If you see mentorship as just another responsibility on your plate, it’s time to reconsider your viewpoint. Serving as a role model for a younger or less experienced employee can be a deeply meaningful way to reduce your stress levels while helping someone grow.
“Mentoring is one of the most enriching experiences we can have at work, and it’s very manageable if we take on the relationship with clear expectations and boundaries. The rewards far outweigh the costs, when done right,” Rebecca Fraser, M.A., a career coach and visiting instructor of psychology at Bates College, tells Thrive. If you still need a little convincing, take a look at the different ways a mentor-mentee relationship can help you thrive in the workplace — and help you manage your stress.
It makes your work more meaningful
When you lack a sense of purpose at work, Fraser says you suffer in a variety of ways, one of the most pressing being heightened stress levels. Taking the time to mentor someone is a great way to add another layer of purpose to your work, especially if you are helping them set, strive toward, and attain goals. “Most people find tasks that help others to be meaningful, and that’s certainly what being a mentor involves. When we engage in meaningful tasks at work for at least 20 percent of our work week, we are significantly less likely to burn out, want to leave our job or industry, or switch from full-time to part-time,” Fraser says.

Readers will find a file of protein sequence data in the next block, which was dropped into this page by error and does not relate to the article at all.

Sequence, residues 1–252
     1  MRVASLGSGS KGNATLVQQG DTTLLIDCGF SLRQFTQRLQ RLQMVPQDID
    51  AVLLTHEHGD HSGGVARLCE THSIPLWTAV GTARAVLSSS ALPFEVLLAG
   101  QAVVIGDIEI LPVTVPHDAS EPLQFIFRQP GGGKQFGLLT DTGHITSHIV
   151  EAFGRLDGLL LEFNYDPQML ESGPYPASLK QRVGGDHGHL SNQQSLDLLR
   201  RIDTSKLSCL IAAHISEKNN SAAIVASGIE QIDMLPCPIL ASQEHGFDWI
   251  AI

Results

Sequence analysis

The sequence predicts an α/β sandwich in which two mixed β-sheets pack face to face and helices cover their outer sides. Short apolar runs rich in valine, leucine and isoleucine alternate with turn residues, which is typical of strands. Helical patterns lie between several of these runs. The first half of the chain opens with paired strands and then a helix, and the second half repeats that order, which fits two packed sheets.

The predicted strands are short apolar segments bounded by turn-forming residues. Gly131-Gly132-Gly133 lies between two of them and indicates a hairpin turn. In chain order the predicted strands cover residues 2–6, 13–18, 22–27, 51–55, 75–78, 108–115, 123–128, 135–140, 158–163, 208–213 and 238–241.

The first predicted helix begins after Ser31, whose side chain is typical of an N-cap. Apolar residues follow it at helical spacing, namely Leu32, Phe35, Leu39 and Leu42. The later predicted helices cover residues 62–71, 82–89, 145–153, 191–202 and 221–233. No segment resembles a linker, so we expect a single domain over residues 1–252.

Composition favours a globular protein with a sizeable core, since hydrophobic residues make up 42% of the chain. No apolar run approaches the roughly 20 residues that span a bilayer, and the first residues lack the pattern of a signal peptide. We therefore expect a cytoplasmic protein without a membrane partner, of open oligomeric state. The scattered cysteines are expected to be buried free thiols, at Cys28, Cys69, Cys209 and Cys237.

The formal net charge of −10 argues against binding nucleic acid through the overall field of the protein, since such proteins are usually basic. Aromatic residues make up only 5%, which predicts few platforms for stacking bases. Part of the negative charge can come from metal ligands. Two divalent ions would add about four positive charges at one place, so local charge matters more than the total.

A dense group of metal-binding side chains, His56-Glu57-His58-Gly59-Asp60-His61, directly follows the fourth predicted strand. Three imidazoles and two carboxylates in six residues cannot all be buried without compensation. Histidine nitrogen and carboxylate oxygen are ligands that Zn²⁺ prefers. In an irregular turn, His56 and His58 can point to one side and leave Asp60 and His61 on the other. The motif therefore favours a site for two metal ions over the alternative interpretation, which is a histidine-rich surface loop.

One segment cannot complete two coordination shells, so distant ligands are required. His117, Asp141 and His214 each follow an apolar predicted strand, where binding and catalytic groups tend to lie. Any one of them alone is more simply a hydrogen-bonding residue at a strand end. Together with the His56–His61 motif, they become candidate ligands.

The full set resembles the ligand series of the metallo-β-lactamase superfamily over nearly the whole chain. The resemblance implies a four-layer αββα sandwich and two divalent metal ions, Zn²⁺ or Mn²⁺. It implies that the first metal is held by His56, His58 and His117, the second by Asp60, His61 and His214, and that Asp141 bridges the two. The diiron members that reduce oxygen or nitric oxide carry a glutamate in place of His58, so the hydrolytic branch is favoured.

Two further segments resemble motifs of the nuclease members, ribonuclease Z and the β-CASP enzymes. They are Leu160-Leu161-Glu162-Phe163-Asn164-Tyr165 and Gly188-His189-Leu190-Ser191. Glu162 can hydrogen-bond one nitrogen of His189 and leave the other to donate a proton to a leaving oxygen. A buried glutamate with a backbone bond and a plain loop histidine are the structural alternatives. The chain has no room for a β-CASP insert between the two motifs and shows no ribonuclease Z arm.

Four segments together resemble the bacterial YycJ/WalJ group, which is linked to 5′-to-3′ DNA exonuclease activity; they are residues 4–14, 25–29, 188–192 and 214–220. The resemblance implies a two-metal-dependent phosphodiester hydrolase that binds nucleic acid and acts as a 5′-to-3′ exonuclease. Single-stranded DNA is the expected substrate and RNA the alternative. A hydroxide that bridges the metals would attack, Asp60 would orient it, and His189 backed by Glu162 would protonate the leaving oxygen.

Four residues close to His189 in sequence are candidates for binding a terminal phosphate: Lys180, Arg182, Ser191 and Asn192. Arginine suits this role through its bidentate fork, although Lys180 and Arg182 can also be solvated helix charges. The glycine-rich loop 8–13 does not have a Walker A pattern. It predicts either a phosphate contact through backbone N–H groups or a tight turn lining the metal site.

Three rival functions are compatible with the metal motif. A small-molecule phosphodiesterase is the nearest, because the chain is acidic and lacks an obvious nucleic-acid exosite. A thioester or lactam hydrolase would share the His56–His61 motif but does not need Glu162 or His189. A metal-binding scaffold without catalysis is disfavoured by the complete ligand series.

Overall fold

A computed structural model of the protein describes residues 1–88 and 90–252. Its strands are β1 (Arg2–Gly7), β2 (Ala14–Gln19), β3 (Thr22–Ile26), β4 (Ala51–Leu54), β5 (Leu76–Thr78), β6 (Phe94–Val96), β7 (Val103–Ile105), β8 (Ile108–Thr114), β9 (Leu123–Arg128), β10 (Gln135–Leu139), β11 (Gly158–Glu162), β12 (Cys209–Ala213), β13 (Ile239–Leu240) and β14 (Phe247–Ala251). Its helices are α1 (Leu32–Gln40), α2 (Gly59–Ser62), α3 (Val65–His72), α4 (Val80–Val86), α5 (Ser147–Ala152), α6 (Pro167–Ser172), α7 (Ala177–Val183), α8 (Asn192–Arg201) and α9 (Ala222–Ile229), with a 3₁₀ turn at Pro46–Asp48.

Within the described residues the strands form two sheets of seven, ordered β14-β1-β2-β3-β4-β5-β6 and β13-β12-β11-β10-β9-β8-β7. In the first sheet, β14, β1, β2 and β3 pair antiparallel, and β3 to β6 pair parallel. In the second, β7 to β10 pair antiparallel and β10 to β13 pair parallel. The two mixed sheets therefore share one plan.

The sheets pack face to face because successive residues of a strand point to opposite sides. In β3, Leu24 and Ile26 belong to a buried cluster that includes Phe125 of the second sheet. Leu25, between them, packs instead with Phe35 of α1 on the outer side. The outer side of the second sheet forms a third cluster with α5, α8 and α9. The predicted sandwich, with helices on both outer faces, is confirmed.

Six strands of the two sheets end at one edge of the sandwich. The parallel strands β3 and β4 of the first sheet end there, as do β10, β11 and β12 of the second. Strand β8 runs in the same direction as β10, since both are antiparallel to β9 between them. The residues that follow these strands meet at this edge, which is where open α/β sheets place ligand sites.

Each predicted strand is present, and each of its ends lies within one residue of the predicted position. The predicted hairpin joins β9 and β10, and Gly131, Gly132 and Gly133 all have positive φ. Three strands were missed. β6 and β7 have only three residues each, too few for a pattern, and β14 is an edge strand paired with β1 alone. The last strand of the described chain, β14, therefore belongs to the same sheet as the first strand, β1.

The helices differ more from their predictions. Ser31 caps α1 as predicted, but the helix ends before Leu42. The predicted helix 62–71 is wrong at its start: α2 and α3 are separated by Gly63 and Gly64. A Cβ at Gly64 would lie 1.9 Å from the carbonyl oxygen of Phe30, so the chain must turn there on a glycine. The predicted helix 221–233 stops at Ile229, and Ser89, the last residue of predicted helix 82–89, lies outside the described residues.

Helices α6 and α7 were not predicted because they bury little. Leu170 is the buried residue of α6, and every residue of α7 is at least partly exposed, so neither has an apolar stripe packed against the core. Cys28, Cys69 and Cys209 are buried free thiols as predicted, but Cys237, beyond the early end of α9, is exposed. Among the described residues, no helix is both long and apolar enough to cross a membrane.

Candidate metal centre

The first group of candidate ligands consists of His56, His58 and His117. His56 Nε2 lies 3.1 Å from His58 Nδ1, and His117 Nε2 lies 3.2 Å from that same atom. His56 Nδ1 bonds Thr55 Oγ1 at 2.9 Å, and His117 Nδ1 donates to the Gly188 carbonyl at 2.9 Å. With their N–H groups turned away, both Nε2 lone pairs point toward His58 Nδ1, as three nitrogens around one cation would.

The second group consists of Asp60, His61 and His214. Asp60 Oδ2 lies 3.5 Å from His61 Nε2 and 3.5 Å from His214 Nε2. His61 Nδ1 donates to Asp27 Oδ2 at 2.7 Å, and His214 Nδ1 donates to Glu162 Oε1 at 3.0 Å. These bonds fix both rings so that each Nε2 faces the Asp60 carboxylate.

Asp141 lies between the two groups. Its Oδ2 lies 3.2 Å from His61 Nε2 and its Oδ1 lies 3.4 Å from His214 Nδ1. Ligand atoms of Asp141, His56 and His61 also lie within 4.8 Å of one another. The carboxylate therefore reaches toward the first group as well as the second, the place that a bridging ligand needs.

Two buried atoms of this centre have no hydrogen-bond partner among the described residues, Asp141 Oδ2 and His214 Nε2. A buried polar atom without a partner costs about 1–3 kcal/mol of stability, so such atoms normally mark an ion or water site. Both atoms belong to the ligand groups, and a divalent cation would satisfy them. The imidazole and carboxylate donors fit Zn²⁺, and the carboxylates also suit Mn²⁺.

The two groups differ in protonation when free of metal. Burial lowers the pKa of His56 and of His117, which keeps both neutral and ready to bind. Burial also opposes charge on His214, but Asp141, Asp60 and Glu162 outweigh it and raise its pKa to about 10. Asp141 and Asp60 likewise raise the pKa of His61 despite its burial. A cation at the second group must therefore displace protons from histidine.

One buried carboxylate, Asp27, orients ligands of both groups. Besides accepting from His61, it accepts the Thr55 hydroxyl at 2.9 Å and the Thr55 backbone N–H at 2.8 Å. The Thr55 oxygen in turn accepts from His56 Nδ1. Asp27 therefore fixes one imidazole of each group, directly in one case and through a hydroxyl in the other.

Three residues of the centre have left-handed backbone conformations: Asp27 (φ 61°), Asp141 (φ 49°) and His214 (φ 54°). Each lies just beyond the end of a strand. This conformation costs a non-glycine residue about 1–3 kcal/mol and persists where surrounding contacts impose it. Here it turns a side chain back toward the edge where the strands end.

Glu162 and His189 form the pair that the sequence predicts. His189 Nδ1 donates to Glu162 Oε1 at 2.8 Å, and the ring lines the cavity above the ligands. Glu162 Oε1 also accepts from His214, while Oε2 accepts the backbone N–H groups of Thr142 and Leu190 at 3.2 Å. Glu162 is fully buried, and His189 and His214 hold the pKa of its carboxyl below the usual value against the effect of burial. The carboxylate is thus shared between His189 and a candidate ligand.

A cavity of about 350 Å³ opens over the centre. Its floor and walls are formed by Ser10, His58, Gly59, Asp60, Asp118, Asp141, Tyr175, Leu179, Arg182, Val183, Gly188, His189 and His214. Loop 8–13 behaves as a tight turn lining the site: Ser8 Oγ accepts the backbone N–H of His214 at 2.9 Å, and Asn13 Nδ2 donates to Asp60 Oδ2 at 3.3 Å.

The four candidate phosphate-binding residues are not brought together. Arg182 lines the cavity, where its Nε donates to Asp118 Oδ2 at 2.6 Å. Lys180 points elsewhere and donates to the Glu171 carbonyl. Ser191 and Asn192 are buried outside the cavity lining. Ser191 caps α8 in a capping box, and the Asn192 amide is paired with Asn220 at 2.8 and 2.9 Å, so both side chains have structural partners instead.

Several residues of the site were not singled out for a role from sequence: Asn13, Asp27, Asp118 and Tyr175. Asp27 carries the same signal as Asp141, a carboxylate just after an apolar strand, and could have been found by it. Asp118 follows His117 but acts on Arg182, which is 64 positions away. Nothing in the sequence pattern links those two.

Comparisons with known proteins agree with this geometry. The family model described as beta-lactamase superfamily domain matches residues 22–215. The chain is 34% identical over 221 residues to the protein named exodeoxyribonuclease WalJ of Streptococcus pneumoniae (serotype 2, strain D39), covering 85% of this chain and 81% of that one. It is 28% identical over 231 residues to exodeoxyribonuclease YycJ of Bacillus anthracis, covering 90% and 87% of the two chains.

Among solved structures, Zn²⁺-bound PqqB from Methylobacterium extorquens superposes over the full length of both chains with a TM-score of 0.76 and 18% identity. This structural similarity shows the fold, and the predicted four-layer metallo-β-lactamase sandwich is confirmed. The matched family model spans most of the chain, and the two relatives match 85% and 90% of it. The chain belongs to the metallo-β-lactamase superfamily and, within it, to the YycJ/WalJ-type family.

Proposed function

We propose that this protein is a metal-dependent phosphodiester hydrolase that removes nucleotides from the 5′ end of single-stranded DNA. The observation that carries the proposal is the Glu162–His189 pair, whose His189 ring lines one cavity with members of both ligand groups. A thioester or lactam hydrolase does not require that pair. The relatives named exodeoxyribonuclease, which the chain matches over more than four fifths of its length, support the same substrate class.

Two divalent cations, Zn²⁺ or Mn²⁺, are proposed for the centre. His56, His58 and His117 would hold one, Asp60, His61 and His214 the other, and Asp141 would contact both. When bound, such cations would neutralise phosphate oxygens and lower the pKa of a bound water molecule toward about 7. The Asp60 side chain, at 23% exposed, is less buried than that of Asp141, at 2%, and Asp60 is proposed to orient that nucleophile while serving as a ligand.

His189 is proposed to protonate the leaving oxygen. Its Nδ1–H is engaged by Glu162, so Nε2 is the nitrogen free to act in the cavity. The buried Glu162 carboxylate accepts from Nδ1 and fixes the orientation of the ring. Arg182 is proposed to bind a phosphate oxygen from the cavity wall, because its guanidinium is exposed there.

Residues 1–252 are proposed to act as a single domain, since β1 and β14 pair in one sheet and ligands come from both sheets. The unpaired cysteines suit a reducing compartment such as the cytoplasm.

It can make your schedule feel less packed
Research tells us that spending time on others can actually make us feel like we have more time on our hands. A study published in Psychological Sciencefound that people have a greater sense of time affluence when they give time to others, as opposed to spending time on themselves or finding unexpected windows of free time. Furthermore, giving time to others can boost self-efficacy as well as willingness to commit to engagements in the future, despite having a busy schedule. It’s important to still stay in touch with your limits, though. “If we don’t set boundaries, we can easily feel taken advantage of and frustrated by the mentoring relationship. We might be unable to anticipate when the person we’re mentoring will reach out and need support, or feel like we’re solely managing crisis moments,” Fraser says.
At the end of the day, being a mentor shouldn’t come down to what’s in it for me? — but it can have just as many benefits for you as it does for the colleague you’re mentoring.